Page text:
Published daily by the Lowy Institute

A Pacific union: Australia-Tuvalu deal goes well beyond climate

This tailored arrangement has implications for AUKUS, legal proceedings, as well as the potential resettlement of climate refugees.

Australia's Prime Minister Anthony Albanese shakes hands with Tuvalu's Prime Minister Kausea Natano after signing the “Falepili Union” on 10 November (AlboMP/X)
Australia's Prime Minister Anthony Albanese shakes hands with Tuvalu's Prime Minister Kausea Natano after signing the “Falepili Union” on 10 November (AlboMP/X)

The announcement on the sidelines of the 2023 Pacific Islands Forum by Australia and Tuvalu of the “Falepili Union” is the most significant development for Australia and a Pacific Island nation for decades. It comes at a pivotal time for Australia’s relations in the Pacific given the focus on climate change and its impact on small Pacific Island countries, Australia’s climate change track record, and China’s increased interest and engagement across the South Pacific.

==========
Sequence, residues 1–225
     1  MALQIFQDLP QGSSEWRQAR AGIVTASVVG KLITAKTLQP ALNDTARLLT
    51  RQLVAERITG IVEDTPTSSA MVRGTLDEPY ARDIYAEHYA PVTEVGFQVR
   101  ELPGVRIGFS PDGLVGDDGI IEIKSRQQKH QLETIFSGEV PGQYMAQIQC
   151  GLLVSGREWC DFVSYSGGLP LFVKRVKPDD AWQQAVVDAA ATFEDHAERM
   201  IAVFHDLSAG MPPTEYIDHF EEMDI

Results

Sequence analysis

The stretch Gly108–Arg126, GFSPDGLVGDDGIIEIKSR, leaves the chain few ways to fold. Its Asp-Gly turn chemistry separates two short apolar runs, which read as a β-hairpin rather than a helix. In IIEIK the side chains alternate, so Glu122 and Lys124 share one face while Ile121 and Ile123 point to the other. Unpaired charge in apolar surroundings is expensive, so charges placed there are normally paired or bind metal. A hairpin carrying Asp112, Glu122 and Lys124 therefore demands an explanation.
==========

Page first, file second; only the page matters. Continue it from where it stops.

The Union is a bespoke treaty negotiated at the request of Tuvalu, which meets the very specific interests of Tuvalu while also reflecting Australia’s strategic goals and objectives. The treaty reflects the culmination of Australia’s diligent attention to Pacific affairs by the Albanese government and especially Foreign Minister Penny Wong.

While the headline takeaway has been focused on climate cooperation and “human mobility with dignity”, potentially allowing for the annual resettlement of up to 280 Tuvaluans in Australia, the treaty extends across a range of bilateral, regional, and multilateral issues.